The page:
William or Carlos, who do the British prefer?
London (CNN) --
London (CNN) --
This week, the monarchy has gradually returned to a sense of normality, as the long period of mourning for the death of Queen Elizabeth II comes to an end.
And, in turn, a new era began for the new Princes of Wales.
William and Catherine visited Wales this week for the first time since the queen's death, an important initial trip that they are likely to hope will set the tone for their new roles.
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The couple was well received.
Huge crowds turned out to applaud her arrival in Anglesey and Swansea, where royals greeted well-wishers and visited local charities.
"Today's visit is historic. We had to be here," Rebecca Crompton, whose son presented Kate with a bouquet of flowers, told PA Media.
"Actually, we were on our way to school when I changed my mind and decided to bring him here for a once-in-a-lifetime opportunity."
William, Prince of Wales, arrives at St Thomas' Church, which has been redeveloped to support vulnerable people, in Swansea, Wales, on Tuesday.
Credit: Chris Jackson/Getty Images
But as they take office, William and Kate will chart their own path as Welshmen, prince and princess of a nation that is generally supportive of monarchy and union, but also retains a strong separate identity from the rest of Britain.
His success on paper will be vitally important to the monarchy, which wants to keep its support strong in all parts of the UK, even as the question of independence flickers in Scotland and, increasingly, in Wales as well.
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As far as CNN is aware, despite then-Prince Charles receiving a grand investiture ceremony from the Queen when he became Prince of Wales in 1969, there are no plans for an investiture for William.
Catalina was presented with flowers by four-year-old Theo Crompton during her visit to the RNLI (Royal National Lifeboat Institution) lifeboat station.
Credit: WPA Pool/Getty Images
Charles's own investiture at Caernarfon Castle was the subject of protest by Welsh nationalists, who opposed a new Prince of Wales.
The title has traditionally been bestowed on the heir to the throne since the 1300s, shortly after the English crown annexed Wales, which borders western England.
The two nations have generally maintained a close legal and political relationship, but nationalist opposition to English rule has always been present.
Rather than an investiture, William and Kate will focus on deepening the trust and respect of the people of Wales over time, and plan to return to the nation before Christmas.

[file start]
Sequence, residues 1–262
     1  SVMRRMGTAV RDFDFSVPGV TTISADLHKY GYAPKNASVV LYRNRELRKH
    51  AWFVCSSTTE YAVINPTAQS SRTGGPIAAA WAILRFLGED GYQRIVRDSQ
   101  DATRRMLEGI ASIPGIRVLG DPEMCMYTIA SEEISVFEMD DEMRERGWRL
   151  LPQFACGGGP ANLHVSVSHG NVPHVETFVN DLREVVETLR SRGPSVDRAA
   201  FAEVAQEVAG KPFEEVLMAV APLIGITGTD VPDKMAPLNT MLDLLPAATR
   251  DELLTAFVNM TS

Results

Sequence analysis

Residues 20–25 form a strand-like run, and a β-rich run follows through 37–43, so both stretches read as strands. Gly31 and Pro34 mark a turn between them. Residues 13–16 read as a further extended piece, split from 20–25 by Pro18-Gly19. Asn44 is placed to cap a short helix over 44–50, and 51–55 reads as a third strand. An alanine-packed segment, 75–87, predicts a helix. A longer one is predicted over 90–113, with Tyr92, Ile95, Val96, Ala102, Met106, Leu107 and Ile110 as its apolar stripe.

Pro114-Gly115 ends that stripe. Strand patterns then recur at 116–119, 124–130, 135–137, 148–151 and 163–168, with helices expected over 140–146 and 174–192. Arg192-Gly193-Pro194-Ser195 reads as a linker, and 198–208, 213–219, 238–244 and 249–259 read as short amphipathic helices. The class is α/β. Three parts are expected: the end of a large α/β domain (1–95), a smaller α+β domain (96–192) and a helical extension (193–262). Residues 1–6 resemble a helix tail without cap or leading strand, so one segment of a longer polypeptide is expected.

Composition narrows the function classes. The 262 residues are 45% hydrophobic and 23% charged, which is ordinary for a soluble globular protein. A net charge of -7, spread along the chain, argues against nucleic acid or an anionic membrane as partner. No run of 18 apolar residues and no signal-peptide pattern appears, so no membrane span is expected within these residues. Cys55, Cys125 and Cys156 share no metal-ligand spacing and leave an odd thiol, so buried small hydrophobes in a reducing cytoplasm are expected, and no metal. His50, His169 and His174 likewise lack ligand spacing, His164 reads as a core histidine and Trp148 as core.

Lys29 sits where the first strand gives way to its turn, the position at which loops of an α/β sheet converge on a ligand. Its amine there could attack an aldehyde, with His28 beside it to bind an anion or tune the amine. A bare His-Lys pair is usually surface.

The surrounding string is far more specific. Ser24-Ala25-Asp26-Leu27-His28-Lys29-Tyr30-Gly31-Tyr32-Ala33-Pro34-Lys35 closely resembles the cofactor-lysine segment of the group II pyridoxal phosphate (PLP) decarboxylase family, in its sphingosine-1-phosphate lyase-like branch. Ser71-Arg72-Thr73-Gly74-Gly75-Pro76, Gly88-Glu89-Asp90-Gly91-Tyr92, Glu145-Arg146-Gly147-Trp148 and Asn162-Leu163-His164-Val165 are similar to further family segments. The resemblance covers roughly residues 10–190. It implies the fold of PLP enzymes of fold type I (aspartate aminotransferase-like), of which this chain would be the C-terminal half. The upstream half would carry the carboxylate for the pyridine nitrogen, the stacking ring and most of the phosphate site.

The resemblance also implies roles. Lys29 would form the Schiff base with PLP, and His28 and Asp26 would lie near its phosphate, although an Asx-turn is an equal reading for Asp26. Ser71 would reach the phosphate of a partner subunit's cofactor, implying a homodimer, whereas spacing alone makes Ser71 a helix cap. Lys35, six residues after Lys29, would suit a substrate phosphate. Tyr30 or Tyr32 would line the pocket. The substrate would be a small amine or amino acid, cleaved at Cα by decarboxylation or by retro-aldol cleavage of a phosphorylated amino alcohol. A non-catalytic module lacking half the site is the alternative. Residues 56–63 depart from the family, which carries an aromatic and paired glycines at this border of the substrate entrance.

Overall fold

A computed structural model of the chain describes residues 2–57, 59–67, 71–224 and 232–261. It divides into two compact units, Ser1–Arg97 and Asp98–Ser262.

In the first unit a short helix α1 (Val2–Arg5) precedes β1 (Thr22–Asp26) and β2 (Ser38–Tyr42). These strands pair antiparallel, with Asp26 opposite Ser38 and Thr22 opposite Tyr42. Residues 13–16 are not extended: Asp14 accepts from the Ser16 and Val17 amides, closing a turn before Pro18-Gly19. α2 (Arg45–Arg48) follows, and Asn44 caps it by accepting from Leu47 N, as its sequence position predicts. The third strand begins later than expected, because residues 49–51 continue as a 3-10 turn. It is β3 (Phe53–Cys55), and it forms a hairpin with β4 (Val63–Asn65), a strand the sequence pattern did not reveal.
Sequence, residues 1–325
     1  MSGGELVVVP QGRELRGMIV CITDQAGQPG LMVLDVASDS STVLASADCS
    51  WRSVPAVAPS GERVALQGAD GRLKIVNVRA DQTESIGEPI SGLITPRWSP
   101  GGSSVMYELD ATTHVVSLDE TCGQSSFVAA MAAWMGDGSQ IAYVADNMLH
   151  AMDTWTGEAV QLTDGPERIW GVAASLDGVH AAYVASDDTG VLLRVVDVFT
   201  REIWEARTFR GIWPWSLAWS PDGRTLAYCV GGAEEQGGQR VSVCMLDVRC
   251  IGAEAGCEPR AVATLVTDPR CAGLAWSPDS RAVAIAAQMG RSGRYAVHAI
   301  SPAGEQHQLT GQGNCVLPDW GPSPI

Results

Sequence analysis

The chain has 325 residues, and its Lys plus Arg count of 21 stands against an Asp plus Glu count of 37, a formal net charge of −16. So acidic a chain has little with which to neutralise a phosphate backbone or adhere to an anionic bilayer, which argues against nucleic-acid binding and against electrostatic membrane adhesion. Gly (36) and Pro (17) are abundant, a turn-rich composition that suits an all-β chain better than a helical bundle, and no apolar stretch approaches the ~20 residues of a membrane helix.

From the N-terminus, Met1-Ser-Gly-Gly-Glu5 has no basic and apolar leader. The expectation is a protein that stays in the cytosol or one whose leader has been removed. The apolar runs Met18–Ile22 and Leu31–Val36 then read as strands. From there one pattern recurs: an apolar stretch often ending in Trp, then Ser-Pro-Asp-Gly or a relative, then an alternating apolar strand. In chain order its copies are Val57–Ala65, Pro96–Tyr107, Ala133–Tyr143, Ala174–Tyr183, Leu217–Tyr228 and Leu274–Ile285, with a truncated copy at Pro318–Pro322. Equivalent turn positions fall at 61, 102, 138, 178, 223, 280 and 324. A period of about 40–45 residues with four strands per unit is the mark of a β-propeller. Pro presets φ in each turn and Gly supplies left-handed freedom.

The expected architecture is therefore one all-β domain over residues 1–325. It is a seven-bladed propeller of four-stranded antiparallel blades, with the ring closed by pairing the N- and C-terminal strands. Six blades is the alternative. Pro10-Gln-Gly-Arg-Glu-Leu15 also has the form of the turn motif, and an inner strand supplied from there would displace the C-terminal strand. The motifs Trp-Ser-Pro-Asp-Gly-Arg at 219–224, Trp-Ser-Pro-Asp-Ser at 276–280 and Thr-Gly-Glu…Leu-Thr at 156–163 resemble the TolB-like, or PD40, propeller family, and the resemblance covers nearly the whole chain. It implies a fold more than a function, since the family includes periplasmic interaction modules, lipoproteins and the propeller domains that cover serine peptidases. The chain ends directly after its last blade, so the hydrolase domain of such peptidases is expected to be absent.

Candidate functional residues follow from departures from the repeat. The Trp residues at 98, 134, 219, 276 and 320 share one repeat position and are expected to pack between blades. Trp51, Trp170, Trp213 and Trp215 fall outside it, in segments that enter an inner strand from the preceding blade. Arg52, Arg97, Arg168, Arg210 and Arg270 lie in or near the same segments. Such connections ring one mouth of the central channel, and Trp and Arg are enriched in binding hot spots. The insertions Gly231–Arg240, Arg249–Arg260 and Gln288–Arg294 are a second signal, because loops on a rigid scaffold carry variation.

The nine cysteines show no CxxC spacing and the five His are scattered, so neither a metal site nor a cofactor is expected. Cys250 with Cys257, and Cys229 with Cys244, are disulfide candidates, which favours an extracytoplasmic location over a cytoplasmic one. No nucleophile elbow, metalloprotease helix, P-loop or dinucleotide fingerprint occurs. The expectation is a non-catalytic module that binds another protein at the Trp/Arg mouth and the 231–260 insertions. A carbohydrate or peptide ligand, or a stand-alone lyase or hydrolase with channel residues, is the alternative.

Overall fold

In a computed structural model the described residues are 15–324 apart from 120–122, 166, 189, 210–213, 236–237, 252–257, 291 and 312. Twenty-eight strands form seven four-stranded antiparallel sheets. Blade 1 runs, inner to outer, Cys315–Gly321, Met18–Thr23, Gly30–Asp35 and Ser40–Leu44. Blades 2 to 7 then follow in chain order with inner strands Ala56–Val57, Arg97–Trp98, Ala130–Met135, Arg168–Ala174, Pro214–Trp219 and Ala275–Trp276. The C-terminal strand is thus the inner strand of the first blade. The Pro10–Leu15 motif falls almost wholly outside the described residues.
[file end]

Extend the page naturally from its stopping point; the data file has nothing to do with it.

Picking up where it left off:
Apparently, that process includes learning the language.
The Rev Steven Bunting, who welcomed the couple to Swansea's St Thomas' Church on Tuesday, told PA Media: "The Prince of Wales even talked about learning Welsh, saying he had learned the word 'paned' which means cup. tea and 'bara brith'", a traditional tea cake.
"I think he's taking being Prince of Wales very, very seriously," Bunting said.
William follows in the footsteps of his father, who studied Welsh at Aberystwyth University.
The traditional language has experienced a renaissance in recent years, driven above all by young speakers, another symbol of the nation's distinctive culture.
Support for independence is also growing among Welsh's three million people, studies have shown, and senior politicians in the region have long pushed for increased devolution of political and decision-making powers. .
And while nationalism doesn't always go hand in hand with republicanism, there are signs that William and Kate will have to face it too.
Some anti-monarchist protesters made their voices heard during Charles's first visit to Cardiff as king earlier this month, with one of them taking a direct jab at him over public taxes that finance the monarchy.
Meanwhile, an online petition to remove the title of Prince of Wales "out of respect for Wales" has gathered more than 35,000 signatures in three weeks.
Prince Charles during his inauguration as Prince of Wales in 1969. Credit: Fox Photos/Hulton Archive/Getty Images
Holding the nations of the UK together is a growing priority for Britain's main political parties, with the royals playing a key role.
The late queen's deep ties to Scotland were often raised as a symbol of the closeness between the English and Scots when the issue of the independence vote erupted there.
Both the monarchy and Downing Street hope that William and Kate can maintain a similar relationship in Wales.
In many ways, it is a position for which the couple is well prepared.
William and Kate lived on the picturesque Welsh island of Anglesey before the birth of their first child, George, allowing them to enjoy a relatively normal life, away from the gaze of the paparazzi.
The prince rented a country house there and was able to drive to work and socialize with his Royal Air Force friends, while Kate was seen shopping at the local supermarket, CNN reported in 2011. Her presence rarely bothered or impressed the locals. , who were quite indifferent to their real neighbors.
But in his new role, and with William now heir to the throne, things will be very different, and any visit to Wales will take on greater importance.